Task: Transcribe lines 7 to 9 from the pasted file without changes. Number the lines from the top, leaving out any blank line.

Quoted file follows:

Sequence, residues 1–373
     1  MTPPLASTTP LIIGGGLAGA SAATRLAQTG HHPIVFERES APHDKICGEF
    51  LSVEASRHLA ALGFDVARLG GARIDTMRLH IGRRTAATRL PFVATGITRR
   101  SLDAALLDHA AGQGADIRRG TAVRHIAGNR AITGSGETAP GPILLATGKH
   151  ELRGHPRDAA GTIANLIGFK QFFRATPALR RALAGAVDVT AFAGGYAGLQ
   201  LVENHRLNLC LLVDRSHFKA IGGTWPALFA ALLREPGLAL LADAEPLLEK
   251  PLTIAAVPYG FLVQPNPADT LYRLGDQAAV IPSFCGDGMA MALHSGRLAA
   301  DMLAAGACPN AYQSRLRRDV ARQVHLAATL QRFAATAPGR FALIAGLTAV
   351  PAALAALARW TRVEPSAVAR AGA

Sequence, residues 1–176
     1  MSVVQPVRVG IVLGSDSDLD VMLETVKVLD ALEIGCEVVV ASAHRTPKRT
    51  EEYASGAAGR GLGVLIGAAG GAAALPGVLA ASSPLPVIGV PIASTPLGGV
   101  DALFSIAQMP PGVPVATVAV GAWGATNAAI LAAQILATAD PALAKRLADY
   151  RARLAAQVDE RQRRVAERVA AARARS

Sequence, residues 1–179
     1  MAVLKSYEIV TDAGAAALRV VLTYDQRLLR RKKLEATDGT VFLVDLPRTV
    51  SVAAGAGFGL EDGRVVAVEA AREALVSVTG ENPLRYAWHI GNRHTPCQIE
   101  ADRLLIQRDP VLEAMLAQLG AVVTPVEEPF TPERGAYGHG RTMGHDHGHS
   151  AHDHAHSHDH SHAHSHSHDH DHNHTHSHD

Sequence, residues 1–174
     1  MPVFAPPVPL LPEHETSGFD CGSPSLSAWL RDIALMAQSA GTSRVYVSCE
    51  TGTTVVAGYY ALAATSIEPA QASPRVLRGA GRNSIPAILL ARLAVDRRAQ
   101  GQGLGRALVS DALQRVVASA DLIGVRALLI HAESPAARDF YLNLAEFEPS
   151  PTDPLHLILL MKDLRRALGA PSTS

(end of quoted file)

   251  PLTIAAVPYG FLVQPNPADT LYRLGDQAAV IPSFCGDGMA MALHSGRLAA
   301  DMLAAGACPN AYQSRLRRDV ARQVHLAATL QRFAATAPGR FALIAGLTAV
   351  PAALAALARW TRVEPSAVAR AGA